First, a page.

Mechanisms of translational initiation and elongation in mammalian mitochondria Public Deposited

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Last Modified
  • March 21, 2019
Creator
  • Christian, Brooke Elizabeth
    • Affiliation: College of Arts and Sciences, Department of Chemistry
Abstract
  • Initiation of protein synthesis in mammalian mitochondria involves two protein factors: initiation factor 2 (IF2mt) and initiation factor 3 (IF3mt). Mutations were designed in various domains of IF3mt to identify the functionally important regions. Residues 170-171, and 175 in the C-terminal domain nearly abolished activity in initiation complex formation and in 55S ribosomal dissociation. However, these mutated proteins bound to the 28S ribosomal subunit with Kd values similar to the wild-type factor. The results suggest that IF3mt plays an active role in initiation of translation. Mammalian mitochondrial mRNAs have few or no nucleotides prior to the 5' start codon. Both the mammalian mitochondrial 55S ribosome and 28S subunit preferentially formed initiation complexes at a 5' terminal AUG codon over an internal AUG. The selection of the 5' AUG depended on the presence of fMet-tRNA and was enhanced by the presence of IF2mt. Addition of even a few nucleotides 5' to the AUG codon significantly reduced the efficiency of translation. In addition, very few initiation complexes could form on a hybrid mRNA construct consisting of the tRNAMet attached at the 5' end to a mitochondrial protein coding sequence. This observation demonstrates that post-transcriptional processing must occur prior to translation in mammalian mitochondria. Mutations in the nuclear genes for mammalian mitochondrial translational elongation factors are generally lethal shortly after birth. A mutation of EF-Tsmt (R325W) resulted in a significant reduction in the ability of EF-Tsmt to bind EF-Tumt. A mutation of EF-Tumt (R336Q) causes infantile encephalopathy arising from defects in mitochondrial translation. The R336Q mutation caused a two-fold decrease ternary complex formation with E. coli aminoacyl-tRNA but completely inactivated EF-Tumt for binding to mitochondrial aminoacyl-tRNA. Polyamines are important in both prokaryotic and eukaryotic translational systems. Spermine stimulated fMet-tRNA binding to mammalian mitochondrial 55S ribosomes in a manner independent of the identity of the mRNA and to the same degree at all concentrations of IF2mt and IF3mt. The major effect of spermine in promoting initiation complex formation appears to be on the interaction of fMet-tRNA with the ribosome.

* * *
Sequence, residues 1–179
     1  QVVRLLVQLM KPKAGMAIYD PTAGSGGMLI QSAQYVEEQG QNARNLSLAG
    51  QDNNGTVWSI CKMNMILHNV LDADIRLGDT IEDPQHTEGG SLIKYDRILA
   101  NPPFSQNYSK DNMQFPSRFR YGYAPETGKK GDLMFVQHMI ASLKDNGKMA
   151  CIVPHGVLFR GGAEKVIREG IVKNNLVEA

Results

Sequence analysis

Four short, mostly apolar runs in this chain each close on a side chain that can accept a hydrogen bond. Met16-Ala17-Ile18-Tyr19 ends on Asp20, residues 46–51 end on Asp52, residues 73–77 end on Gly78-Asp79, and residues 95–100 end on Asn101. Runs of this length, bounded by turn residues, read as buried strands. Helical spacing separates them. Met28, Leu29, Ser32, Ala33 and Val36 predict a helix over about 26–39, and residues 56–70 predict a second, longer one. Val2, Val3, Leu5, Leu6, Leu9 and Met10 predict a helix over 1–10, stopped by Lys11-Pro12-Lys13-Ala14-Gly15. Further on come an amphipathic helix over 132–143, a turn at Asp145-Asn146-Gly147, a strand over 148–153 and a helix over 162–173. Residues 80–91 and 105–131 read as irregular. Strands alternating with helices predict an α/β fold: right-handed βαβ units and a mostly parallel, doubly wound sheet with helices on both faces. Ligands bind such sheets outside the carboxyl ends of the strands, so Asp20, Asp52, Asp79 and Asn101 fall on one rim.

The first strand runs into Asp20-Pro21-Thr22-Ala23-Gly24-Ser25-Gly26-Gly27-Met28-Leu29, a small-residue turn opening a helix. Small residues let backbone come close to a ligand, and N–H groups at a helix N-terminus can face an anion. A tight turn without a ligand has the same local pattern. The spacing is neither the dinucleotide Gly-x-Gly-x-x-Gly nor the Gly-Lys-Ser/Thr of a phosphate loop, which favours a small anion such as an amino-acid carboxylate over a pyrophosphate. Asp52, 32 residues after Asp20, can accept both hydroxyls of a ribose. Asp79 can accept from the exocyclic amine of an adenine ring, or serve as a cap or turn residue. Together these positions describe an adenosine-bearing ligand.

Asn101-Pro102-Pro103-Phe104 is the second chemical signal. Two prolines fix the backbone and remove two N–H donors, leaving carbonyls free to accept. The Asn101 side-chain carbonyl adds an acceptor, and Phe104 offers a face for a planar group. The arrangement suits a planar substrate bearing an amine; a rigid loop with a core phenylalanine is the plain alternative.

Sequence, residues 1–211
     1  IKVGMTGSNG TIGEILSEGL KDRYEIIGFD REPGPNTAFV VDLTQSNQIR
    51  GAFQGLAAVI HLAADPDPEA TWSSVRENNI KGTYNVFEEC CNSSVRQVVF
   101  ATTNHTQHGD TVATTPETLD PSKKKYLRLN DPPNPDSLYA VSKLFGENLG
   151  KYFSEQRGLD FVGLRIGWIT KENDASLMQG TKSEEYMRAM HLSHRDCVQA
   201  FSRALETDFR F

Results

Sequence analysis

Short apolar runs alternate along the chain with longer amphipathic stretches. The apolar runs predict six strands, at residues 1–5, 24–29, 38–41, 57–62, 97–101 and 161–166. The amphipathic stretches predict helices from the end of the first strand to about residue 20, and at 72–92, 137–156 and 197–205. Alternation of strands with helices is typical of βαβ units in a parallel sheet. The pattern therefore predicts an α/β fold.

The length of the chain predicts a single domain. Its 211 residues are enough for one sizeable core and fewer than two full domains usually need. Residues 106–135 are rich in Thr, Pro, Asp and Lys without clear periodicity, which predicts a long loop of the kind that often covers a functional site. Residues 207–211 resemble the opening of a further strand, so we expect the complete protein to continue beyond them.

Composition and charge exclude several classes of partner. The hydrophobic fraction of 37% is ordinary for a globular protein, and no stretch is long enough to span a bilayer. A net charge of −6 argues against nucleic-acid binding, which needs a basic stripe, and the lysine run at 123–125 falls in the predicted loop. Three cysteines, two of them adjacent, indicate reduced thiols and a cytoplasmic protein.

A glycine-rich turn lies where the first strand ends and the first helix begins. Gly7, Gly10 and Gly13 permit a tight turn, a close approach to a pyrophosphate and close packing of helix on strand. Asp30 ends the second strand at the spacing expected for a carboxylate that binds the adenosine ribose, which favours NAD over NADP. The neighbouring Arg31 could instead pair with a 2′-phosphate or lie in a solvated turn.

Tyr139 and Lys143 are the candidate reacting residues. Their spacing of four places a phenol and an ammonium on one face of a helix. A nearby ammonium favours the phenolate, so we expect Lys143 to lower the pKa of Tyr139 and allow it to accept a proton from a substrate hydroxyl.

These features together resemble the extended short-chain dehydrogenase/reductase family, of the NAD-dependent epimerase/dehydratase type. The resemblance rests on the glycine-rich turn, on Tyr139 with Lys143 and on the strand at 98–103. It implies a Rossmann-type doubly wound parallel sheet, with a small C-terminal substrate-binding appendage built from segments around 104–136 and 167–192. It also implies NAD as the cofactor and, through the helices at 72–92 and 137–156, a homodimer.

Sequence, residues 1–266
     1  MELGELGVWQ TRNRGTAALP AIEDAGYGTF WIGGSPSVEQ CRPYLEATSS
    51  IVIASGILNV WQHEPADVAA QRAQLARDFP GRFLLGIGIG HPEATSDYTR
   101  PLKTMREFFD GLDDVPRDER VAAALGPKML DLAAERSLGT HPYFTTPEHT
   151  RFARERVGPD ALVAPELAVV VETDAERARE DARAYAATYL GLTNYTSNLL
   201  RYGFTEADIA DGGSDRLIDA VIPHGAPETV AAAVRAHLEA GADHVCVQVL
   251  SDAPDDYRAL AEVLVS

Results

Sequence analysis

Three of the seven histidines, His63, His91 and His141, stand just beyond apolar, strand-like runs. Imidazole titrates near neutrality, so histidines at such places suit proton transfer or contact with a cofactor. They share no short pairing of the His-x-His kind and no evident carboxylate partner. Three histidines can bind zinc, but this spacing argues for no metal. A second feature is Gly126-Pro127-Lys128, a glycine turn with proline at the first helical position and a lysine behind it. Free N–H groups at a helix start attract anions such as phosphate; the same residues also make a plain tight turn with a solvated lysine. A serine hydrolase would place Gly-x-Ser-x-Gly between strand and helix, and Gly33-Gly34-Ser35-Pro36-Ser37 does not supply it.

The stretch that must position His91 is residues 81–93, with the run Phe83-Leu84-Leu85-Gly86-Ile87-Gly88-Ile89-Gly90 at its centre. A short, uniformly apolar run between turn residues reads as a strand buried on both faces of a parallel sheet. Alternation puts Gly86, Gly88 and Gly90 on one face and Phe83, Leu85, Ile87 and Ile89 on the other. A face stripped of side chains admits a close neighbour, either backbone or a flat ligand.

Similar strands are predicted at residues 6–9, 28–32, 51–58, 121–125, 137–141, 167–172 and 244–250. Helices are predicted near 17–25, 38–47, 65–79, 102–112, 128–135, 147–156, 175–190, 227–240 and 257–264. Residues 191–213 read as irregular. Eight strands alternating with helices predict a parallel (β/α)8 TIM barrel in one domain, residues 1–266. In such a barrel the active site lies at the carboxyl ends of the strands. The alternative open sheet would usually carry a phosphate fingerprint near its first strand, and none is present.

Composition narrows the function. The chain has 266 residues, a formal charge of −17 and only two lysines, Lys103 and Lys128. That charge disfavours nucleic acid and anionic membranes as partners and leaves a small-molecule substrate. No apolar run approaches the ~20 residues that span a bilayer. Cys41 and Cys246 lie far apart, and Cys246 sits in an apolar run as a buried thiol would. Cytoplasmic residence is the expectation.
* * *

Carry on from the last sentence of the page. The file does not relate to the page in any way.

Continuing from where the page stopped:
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  • In Copyright
Advisor
  • Spremulli, Linda
Degree granting institution
  • University of North Carolina at Chapel Hill
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  • Open access
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